ENTRY/EXIT REQUIREMENTS:   American citizens must have a valid passport and visa to enter and exit Turkmenistan.   To apply for a visa, all U.S. citizens must complete an application and have a letter of invitation approved by the Ministry of Foreign Affairs (MFA) in Ashgabat.   The letter of invitation on behalf of an American citizen must be submitted to the MFA by an individual or organization in Turkmenistan.   The MFA requires at least ten working days for approval.   The U.S. Embassy in Ashgabat does not issue letters of invitation to citizens interested in private travel to Turkmenistan.   Applications for a Turkmen visa can be submitted to the Turkmen Embassy in Washington, D.C. or directly to the MFA in Ashgabat.   Recent travelers to Turkmenistan have found it difficult to secure visa issuance from the Embassy of Turkmenistan in Washington, D.C.   A traveler with a stamped and approved invitation letter from the MFA may also obtain a visa at the Ashgabat Airport upon arrival in Turkmenistan.  

The price for the visa will vary according to the intended length of stay.   For an additional charge the visa can be extended at the MFA in Ashgabat from its initial validity.   Any traveler arriving without a visa or without the needed documents to obtain a visa will be denied entry and may be held at the airport or border until the traveler has secured transportation out of Turkmenistan.   Travelers departing Turkmenistan must have a valid visa or they will be denied exit until they extend the validity of the visa.   In addition, U.S. citizens traveling in Turkmenistan should be aware that they may require special permission from the MFA to travel to some areas of the country that have been restricted by the Government of Turkmenistan.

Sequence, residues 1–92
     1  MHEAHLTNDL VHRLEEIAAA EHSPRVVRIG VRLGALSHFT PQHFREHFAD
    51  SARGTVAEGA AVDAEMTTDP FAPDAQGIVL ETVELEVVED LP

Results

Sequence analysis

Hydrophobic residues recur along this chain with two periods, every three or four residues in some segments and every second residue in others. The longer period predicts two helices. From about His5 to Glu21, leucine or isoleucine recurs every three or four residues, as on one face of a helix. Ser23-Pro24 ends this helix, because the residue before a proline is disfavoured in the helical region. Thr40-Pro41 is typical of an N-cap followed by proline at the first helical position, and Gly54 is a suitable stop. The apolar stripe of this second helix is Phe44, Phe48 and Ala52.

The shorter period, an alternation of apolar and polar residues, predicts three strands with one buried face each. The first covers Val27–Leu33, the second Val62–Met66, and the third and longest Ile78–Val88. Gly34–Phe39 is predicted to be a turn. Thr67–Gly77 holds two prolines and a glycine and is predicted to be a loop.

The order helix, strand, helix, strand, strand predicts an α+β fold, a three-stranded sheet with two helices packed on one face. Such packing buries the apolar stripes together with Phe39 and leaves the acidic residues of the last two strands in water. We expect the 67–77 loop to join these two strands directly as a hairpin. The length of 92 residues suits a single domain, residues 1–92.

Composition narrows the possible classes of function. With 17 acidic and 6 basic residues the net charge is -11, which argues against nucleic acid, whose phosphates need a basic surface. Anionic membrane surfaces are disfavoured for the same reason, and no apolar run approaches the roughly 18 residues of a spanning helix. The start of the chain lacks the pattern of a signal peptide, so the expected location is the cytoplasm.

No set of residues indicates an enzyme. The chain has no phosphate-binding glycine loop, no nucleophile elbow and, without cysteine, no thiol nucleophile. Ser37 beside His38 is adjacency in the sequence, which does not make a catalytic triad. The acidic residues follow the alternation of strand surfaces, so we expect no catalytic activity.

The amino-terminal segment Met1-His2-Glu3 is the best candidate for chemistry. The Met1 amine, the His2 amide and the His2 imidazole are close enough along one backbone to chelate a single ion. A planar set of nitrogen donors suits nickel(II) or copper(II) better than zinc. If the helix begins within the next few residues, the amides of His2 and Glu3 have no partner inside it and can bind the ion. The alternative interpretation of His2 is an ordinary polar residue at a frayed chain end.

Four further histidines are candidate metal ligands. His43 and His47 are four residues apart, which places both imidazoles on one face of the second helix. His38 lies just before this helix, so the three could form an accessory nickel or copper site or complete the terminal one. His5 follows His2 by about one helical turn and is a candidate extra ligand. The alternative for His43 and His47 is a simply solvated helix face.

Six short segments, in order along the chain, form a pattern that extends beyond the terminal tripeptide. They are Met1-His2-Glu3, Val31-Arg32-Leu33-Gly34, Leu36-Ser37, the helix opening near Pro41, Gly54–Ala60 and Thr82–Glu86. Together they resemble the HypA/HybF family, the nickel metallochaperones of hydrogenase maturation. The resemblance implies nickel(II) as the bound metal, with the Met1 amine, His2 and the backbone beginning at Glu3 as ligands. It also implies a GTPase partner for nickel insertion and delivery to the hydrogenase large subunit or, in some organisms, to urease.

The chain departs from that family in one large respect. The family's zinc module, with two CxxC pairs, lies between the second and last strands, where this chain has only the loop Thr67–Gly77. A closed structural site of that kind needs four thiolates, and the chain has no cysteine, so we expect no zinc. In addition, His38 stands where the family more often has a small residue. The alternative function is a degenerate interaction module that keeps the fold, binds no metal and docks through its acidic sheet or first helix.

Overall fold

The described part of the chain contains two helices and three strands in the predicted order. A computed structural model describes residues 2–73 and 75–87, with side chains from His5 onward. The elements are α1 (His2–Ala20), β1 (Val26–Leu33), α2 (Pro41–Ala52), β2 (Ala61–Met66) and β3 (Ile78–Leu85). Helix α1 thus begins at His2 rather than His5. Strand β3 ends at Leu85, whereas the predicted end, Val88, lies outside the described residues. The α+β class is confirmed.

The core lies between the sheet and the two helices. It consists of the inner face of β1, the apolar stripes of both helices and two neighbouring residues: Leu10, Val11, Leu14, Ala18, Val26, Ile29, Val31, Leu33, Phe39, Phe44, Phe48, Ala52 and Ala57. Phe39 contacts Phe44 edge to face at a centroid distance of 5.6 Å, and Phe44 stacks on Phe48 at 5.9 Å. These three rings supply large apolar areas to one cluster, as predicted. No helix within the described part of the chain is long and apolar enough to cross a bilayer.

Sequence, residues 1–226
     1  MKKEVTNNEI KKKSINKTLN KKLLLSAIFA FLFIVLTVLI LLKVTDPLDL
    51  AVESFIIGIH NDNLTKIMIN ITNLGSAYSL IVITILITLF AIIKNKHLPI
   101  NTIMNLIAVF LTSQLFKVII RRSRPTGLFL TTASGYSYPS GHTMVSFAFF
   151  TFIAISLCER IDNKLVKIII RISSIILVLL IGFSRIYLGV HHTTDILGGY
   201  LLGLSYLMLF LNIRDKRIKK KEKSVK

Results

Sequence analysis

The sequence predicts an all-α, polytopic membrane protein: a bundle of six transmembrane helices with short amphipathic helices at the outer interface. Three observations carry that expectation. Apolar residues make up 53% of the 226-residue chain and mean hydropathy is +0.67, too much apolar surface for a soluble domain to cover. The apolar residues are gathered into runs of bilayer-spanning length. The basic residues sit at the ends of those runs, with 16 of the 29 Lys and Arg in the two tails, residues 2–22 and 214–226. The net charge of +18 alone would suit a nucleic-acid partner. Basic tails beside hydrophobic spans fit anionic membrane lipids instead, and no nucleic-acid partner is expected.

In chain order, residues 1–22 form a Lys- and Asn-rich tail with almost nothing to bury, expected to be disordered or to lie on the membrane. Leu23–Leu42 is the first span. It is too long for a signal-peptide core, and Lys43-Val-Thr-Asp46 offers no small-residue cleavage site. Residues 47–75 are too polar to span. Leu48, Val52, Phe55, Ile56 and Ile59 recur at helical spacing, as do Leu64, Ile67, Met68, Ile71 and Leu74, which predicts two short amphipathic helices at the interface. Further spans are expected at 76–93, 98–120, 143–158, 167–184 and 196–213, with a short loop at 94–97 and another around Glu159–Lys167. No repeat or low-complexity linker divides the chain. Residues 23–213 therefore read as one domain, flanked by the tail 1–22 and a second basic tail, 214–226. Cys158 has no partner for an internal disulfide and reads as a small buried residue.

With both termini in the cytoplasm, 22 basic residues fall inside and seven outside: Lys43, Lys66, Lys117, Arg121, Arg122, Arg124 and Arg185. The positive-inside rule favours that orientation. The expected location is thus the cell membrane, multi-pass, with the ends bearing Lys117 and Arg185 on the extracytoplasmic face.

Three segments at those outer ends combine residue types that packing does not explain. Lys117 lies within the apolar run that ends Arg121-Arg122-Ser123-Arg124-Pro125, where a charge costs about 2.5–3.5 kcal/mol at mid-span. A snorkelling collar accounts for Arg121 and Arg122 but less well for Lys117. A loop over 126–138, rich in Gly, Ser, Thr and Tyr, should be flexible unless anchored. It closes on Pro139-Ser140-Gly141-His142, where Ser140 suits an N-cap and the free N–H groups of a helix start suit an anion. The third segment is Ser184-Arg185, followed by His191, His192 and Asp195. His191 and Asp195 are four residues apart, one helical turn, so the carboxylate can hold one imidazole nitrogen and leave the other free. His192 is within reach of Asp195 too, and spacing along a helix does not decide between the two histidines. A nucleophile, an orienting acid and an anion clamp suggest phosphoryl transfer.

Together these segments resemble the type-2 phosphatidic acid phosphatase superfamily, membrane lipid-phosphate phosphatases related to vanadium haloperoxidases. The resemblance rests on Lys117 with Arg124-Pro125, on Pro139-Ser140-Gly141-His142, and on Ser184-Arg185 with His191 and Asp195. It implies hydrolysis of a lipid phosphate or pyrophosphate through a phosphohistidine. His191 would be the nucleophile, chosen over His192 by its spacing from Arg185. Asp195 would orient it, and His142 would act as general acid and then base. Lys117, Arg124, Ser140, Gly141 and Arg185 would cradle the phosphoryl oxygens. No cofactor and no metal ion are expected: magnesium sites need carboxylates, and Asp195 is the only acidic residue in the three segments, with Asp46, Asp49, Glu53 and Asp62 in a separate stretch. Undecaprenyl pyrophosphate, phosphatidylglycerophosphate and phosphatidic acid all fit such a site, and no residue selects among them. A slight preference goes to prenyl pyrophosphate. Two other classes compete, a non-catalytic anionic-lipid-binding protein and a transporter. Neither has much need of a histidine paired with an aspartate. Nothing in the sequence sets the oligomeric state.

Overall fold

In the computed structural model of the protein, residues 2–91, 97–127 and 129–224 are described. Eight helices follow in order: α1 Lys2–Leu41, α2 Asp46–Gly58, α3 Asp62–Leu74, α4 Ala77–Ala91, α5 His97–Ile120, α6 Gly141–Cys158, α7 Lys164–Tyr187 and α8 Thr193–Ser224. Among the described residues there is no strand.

Upon arrival at an airport or border entry point, foreigners will be charged $10 for a migration card issued by Turkmen authorities.   All foreigners are required to carry this migration card for the duration of their stay in Turkmenistan.   The migration card will be collected by authorities upon departure from Turkmenistan.